1. The Concept of Matter in the New Materialist Tradition
In academia, revolutionary and radical ideas are actualized through an engagement with scholars and scholarly traditions of the canonized past. Contemporary generations read, or more often reread older texts, resulting in “new” readings that do not fit the dominant reception of these texts. Also, academics tend to draw in scholars from an unforeseen past, those who come from a different academic canon or who have been somewhat forgotten. It is in the resonances between old and new readings and re-readings that a “new metaphysics” might announce itself. Manuel DeLanda and Rosi Braidotti – independently of one another – first started using “neo-materialism” or “new materialism” in the second half of the 1990s, for a cultural theory that does not privilege the side of culture, but focuses on what Donna Haraway would call “naturecultures” or what Bruno Latour simply referred to as “collectives”. The term proposes a cultural theory that radically rethinks the dualisms so central to our (post-) modern thinking and always starts its analysis from how these oppositions (between nature and culture, matter and mind, the human and the inhuman) are produced in action itself. It thus has a profound interest in the morphology of change and gives special attention to matter (materiality, processes of materialization) as it has been so much neglected by dualist thought.
Today, a new materialism is seen at work throughout the humanities and in particular in the so-called “the new humanities,” think of the digital humanities (think of Jussi Parikka), ecology (think of Jeffrey J Cohen) and studies on neurophysiology (think of Catherine Malabou and Patricia Pisters). These new humanities, as they strongly overlap with science studies, also prove that new materialism is by no means limited to the human sciences (as opposed to the natural sciences), but easily move into many different parts of academia, from quantum physics (think of the work of Karen Barad), to topology (think of Brian Rotman). But a “new” metaphysics is not restricted to a here and now, nor does it merely project an image of the future for us. It announces what we may call a “new tradition,” which simultaneously gives us a past, a present, and a future. Thus, a new metaphysics does not add something to thought (a series of ideas that wasn’t there, that was left out by others). It rather traverses and thereby rewrites thinking as a whole, leaving nothing untouched, redirecting every possible idea according to its new sense of orientation.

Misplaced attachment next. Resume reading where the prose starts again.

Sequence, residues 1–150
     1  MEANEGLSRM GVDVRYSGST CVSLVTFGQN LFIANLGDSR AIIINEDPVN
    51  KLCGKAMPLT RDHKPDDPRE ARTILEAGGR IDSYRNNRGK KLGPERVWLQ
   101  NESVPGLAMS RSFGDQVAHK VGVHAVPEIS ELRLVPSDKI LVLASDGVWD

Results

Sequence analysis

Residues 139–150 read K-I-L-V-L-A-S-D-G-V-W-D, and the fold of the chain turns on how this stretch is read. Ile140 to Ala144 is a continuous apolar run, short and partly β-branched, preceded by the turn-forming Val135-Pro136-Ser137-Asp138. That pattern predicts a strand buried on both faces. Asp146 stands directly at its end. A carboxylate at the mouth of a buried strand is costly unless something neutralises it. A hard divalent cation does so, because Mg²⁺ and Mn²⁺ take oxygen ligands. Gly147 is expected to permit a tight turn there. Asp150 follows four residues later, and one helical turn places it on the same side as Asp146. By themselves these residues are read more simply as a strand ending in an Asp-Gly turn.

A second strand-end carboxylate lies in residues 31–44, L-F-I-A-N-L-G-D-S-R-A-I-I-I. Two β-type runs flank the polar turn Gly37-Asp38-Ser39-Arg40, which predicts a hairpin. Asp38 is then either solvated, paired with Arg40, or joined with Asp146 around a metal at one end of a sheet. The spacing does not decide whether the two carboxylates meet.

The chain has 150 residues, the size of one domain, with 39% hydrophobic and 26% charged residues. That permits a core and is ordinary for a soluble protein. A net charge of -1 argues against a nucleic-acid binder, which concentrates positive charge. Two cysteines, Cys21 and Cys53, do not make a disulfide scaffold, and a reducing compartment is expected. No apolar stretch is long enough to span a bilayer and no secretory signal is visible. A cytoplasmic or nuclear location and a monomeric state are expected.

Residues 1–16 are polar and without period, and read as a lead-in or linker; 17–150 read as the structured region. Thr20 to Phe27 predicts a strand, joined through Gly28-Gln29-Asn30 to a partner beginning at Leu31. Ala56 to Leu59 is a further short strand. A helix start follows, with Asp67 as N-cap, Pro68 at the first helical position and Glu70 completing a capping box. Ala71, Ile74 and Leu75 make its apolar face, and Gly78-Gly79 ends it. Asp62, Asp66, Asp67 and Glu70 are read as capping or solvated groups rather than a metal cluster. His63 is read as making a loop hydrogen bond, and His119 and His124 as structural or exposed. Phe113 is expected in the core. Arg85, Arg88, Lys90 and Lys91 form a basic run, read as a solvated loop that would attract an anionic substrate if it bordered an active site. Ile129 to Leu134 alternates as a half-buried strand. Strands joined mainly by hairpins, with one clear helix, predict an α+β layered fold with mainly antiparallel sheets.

My latest book New Materialism: Interviews and Cartographies (with Iris van der Tuin) this “new tradition” was hinted upon. By studying not only those academics that pursue a new materialism today but also the authors they revived a new history of materialism was given rise to. Yet whereas the emphasis in the book was mainly to wave the flag for this new development in contemporary thought, there is still more than enough to be done when it comes to analyzing the new materialist past. Especially since the past years have shown a true revival over several of those illustrious contributors to this history, the need to map this history is more and more urgent. Of course the work of Gilles Deleuze plays a crucial role in this, and the immense attention for his work today shows how many scholars are indeed involved in the questions that come with this tradition. Yet also the renewed attention for Alfred North Whitehead, Gilbert Simondon, Félix Guattari, Jean-Marie Guyau, Jacob von Uexküll, Étienne Geoffroy Saint-Hillaire and Félix Ravaisson signal the revival of this alternative history of “matter” and its importance for the contemporary debates. For although some of the authors mentioned have enjoyed attention in other parts of academia (Whitehead in mathematics, von Uexküll and Geoffroy Saint- Hillaire in different areas of biology) it is their joint rereading that gives rise to this new tradition.